Danish designer Kai Kristiansen was born in 1929. Like many of Denmark's design greats, he apprenticed in cabinetmaking before enrolling—around 1948—in the prestigious Royal Danish Academy of Fine Arts in Copenhagen under the highly influential designer Kaare Klint. At the age of 26, Kristiansen opened his own studio and began to create furniture in what would soon became known as the Danish modern style. His designs would be produced by well-known Danish manufacturers, such as Feldballes Møbelfabrik, Fornem Møbelkunst, Fritz Hansen, and Magnus Olesen.
In true Danish modern fashion, Kristiansen favored well-joined teak and rosewood, evident equally in his chairs, desks, sideboards, and wall units. In 1956, he designed his most celebrated work, the No. 42 Chair for Schou Andersen. The organically curved back and pivoted armrests form a chair that is as beautiful as it is comfortable. The No. 42 was well-received by critics and enjoyed continued success as one of the most enduring Danish designs of the 20th century.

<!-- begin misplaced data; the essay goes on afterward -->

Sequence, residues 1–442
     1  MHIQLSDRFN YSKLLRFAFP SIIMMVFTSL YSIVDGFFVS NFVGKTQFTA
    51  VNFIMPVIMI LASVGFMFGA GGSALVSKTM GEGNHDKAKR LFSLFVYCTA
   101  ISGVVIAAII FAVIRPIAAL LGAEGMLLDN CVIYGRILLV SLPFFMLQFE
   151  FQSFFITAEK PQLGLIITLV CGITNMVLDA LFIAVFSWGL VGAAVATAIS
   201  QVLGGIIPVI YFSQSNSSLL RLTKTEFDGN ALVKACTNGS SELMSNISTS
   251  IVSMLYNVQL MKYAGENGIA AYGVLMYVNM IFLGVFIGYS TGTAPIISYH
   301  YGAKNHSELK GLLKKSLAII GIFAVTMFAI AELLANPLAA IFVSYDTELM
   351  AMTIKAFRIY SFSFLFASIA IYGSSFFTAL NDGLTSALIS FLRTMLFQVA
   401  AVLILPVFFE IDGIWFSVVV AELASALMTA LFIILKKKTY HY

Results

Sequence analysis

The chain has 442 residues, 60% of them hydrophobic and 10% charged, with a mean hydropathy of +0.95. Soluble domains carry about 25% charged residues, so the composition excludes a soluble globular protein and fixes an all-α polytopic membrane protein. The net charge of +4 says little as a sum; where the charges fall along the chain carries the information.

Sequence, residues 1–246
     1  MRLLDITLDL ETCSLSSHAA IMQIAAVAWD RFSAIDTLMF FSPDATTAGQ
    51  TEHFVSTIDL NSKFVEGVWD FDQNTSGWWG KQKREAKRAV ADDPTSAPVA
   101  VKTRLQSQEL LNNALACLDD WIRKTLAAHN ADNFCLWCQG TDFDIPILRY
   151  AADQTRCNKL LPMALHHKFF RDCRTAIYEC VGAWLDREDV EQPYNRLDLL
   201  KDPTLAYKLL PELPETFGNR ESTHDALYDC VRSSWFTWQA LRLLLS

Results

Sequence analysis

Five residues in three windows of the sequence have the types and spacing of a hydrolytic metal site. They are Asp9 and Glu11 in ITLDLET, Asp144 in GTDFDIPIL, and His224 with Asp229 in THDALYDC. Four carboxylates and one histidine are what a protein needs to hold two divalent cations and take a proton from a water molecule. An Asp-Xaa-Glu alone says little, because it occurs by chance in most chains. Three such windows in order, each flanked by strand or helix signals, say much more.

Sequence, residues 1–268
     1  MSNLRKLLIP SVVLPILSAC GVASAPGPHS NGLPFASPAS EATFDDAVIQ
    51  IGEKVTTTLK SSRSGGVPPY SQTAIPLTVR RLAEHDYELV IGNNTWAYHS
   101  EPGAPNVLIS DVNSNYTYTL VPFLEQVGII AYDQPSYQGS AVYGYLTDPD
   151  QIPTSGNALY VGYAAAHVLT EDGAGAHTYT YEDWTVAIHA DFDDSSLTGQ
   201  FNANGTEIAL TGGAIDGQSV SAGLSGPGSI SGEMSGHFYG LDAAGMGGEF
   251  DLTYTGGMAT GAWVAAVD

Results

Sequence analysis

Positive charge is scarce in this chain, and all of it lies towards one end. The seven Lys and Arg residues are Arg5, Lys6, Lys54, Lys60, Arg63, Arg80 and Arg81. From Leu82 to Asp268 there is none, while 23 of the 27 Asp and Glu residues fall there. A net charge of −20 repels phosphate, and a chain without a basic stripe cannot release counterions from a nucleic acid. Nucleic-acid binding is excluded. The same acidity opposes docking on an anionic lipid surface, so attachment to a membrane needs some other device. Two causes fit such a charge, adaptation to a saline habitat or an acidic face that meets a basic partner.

Kristiansen's collaboration with Magnus Olesen brought about the sleek and sculptured No. 121 Lounge Chair. His modular FM Reolsystem Wall Unit (1957) for Feldballe Møbelfabrik met with success, not only in Scandinavia, but also throughout the rest of Europe and overseas in the United States.
Because they were so difficult to manufacture, many of Kristiansen’s designs eventually went out of production. In 2014, Kristiansen collaborated with Miyazaki Chair Company in Japan to reimagine some of his classics designs, which resulted in the Handy Chair, 4110 Chair, and Paper Knife seating collection. Today, his vintage designs are highly collectible, and he is recognized as one of the most talented Scandinavian designers of the 20th century.